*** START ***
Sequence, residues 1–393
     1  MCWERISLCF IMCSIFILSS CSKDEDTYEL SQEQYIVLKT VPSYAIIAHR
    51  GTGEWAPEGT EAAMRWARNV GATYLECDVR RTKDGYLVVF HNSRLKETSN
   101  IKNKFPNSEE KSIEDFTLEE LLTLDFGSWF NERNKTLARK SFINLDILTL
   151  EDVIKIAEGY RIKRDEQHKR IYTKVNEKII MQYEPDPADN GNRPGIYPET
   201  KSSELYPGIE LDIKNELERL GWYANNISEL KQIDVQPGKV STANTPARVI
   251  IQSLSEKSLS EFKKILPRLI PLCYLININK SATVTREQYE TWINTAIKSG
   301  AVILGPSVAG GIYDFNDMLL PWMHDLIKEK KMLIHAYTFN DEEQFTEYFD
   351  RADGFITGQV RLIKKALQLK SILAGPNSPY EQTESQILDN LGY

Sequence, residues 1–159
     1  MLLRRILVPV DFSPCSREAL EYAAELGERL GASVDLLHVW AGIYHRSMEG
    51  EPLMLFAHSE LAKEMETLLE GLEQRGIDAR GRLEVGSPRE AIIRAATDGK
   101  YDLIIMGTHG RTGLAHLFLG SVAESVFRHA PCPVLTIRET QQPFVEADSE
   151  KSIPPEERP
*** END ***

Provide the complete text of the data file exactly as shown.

Sequence, residues 1–393
     1  MCWERISLCF IMCSIFILSS CSKDEDTYEL SQEQYIVLKT VPSYAIIAHR
    51  GTGEWAPEGT EAAMRWARNV GATYLECDVR RTKDGYLVVF HNSRLKETSN
   101  IKNKFPNSEE KSIEDFTLEE LLTLDFGSWF NERNKTLARK SFINLDILTL
   151  EDVIKIAEGY RIKRDEQHKR IYTKVNEKII MQYEPDPADN GNRPGIYPET
   201  KSSELYPGIE LDIKNELERL GWYANNISEL KQIDVQPGKV STANTPARVI
   251  IQSLSEKSLS EFKKILPRLI PLCYLININK SATVTREQYE TWINTAIKSG
   301  AVILGPSVAG GIYDFNDMLL PWMHDLIKEK KMLIHAYTFN DEEQFTEYFD
   351  RADGFITGQV RLIKKALQLK SILAGPNSPY EQTESQILDN LGY

Sequence, residues 1–159
     1  MLLRRILVPV DFSPCSREAL EYAAELGERL GASVDLLHVW AGIYHRSMEG
    51  EPLMLFAHSE LAKEMETLLE GLEQRGIDAR GRLEVGSPRE AIIRAATDGK
   101  YDLIIMGTHG RTGLAHLFLG SVAESVFRHA PCPVLTIRET QQPFVEADSE
   151  KSIPPEERP